Bears live in a world where profound hunger, limited mating opportunities, and protecting offspring can lead to conflict. They utilize a host of body postures, vocalizations, and common sense strategies like avoidance to determine dominance and settle disputes without physically fighting. However, not all conflicts between bears can be resolved by posturing alone.
On the evening of July 2, 2019, we watched two large male brown bears posture in the far pool of Brooks Falls. The more assertive bear was a very large male known as 747.
I watched and narrated his behavior during a live play-by-play broadcast, noting how 747 was trying to establish his dominance over the other large male. At the time, I was unsure of the identity of 747’s rival (bears at Brooks River are photographed and assigned identification numbers by park staff). After reviewing photos from that evening, I now believe the other bear is 68, a male first identified at the river in the fall of 2007. Sixty-eight was only a juvenile bear then, but has now grown to rival the largest males in size.
In the far pool, 747 directly approached and postured in front of 68, who didn’t challenge 747 in the moment. He mostly stood and watched. Their interactions for the evening weren’t over though. Sixty-eight couldn’t find fishing success in the far pool after 747 left for the jacuzzi, a lucrative fishing spot preferred by both bears.
Sixty-eight walked across the bottom of Brooks Falls, directly approaching 747 who refused to yield space. Seven-four-seven even moved slightly into 68’s path. Sixty-eight was not satisfied with 747’s lack of deference. He approached closer, directly challenging 747. They bellowed intense growls, then as each realized the other would not back down, the bears reared up on their hind legs and began to fight. This was no mild tussle either. It was an intense and violent battle for dominance where the power and strength of brown bears was fully demonstrated.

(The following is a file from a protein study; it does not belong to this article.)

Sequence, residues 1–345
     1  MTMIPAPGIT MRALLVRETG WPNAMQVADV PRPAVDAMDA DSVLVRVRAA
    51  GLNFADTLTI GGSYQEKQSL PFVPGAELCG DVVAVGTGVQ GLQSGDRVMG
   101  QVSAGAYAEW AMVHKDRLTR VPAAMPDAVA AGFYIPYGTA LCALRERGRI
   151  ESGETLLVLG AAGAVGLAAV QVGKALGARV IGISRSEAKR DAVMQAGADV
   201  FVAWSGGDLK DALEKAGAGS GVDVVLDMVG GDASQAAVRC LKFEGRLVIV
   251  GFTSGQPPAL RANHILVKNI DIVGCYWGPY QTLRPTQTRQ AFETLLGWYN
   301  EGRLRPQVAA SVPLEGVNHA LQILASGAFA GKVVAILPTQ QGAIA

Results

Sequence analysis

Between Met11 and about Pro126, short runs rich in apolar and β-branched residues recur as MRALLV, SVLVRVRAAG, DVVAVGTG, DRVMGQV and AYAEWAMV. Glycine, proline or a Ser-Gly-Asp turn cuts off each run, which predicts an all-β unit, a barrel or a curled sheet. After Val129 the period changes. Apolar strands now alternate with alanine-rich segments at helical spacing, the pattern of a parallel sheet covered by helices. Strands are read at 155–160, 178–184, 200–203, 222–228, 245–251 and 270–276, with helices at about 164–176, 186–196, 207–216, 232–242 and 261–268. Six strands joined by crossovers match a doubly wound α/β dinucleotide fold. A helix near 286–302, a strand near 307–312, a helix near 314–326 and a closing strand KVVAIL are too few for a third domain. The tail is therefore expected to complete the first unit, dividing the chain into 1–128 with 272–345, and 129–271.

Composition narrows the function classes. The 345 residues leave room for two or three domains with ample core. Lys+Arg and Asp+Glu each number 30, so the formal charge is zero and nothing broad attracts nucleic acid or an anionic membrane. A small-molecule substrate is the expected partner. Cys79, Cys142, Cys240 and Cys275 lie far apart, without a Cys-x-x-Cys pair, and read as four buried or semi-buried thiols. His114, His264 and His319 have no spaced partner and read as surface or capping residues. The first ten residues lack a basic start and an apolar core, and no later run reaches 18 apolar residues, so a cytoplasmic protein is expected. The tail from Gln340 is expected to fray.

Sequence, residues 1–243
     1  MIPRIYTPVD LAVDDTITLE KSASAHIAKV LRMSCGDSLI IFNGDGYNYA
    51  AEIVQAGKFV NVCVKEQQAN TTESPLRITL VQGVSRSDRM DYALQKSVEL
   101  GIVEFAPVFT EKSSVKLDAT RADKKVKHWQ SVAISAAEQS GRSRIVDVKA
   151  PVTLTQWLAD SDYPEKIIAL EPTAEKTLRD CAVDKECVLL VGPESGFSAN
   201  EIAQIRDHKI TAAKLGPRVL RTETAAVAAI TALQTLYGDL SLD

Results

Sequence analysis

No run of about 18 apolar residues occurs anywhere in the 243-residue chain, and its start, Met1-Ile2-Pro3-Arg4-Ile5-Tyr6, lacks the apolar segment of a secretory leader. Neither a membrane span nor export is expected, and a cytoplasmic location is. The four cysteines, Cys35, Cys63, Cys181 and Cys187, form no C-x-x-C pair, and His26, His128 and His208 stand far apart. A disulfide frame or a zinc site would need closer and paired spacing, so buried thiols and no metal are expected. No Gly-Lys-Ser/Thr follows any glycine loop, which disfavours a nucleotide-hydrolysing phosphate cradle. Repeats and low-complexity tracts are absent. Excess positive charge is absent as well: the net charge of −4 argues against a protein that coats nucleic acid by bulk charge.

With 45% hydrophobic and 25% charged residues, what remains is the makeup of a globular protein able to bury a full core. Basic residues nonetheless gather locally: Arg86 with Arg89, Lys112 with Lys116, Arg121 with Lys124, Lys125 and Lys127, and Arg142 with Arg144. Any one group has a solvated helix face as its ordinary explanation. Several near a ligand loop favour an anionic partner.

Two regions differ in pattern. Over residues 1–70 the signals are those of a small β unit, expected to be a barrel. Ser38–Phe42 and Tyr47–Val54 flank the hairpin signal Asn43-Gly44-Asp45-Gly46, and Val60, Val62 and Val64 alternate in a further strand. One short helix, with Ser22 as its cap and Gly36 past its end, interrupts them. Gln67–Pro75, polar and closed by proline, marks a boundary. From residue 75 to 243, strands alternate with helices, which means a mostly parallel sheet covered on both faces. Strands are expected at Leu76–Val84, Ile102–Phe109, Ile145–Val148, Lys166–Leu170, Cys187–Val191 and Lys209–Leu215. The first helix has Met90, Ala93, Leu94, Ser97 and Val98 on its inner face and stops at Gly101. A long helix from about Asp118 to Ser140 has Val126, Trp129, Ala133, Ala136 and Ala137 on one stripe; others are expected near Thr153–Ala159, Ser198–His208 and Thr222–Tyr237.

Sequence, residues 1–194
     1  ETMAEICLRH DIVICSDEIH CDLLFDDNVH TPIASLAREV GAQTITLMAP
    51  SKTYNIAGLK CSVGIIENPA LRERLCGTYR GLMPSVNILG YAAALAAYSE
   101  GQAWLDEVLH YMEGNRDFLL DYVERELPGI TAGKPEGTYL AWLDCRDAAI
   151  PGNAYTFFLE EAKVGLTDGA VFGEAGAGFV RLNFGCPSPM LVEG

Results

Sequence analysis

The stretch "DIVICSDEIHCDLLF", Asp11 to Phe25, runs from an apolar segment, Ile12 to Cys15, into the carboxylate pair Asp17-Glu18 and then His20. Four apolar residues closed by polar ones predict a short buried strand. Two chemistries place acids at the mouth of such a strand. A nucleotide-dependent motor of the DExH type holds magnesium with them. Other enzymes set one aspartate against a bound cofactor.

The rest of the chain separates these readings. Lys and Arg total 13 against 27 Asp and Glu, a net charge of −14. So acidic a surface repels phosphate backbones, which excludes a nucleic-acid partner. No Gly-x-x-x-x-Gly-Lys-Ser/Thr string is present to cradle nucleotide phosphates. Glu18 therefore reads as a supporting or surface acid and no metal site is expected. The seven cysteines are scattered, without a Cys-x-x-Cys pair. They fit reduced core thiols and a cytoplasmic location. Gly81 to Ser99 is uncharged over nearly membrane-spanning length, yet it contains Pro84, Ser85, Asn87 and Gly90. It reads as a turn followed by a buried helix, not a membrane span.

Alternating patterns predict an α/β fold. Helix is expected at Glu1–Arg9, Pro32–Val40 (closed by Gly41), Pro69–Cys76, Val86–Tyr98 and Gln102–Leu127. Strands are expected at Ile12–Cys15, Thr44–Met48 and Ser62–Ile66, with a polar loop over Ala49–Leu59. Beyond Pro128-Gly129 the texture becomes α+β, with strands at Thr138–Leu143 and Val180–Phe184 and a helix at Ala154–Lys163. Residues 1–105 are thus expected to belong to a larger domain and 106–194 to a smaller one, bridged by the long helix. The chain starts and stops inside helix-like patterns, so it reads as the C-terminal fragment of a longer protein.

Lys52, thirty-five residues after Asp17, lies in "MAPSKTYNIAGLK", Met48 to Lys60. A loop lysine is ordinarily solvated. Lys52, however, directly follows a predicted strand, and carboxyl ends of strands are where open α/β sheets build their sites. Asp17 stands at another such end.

Ranger Naomi and I discussed the world of bear dominance and their hierarchy during a recent live chat. In the bear world, dominance confers many advantages. Dominant bears are typically the largest, most assertive bears. Using their size, strength, and sometimes fighting skills, dominant bears gain greater access to food resources and, if you are male, more potential mating opportunities.
Brown bears at Brooks River settle disputes most often through posturing and vocalizations. In general, bigger bears displace smaller bears, who are smart enough to realize they can’t risk a physical confrontation with a larger, stronger bear. Posturing, however, doesn’t always work, especially between bears of apparently equal size and disposition. Seven-four-seven’s initial bout of posturing wasn’t enough to intimidate 68. He called 747’s bluff, so to speak, challenging 747 physically.
The fight resulted in 68 defeating 747, who walked away bleeding from the mouth and frequently looking back at 68. Sixty-eight, in turn, paid little to no attention to the departing 747 and quickly began fishing, indicating he had established his dominance.
Seven-four-seven did not appear to be seriously injured in the fight. In fact he returned to the falls within a couple of hours and began fishing like nothing had happened. However, 68 made his point clear: I am more dominant and you will give me space. It was a bold and risky move. Both bears could’ve been seriously injured. Going forward though, 68 may gain greater energetic advantages. I don’t expect 747 to challenge 68 again this summer and maybe not at all in the future.
We watch bearcam to learn about and appreciate wild nature. It is enjoyable and entertaining, but what we see is no game. Bears at Brooks Falls compete for the opportunity to grow, reproduce, and survive. The scars and wounds they carry, sometimes fresh with blood, are symbols of their difficult and sometimes violent lifestyle.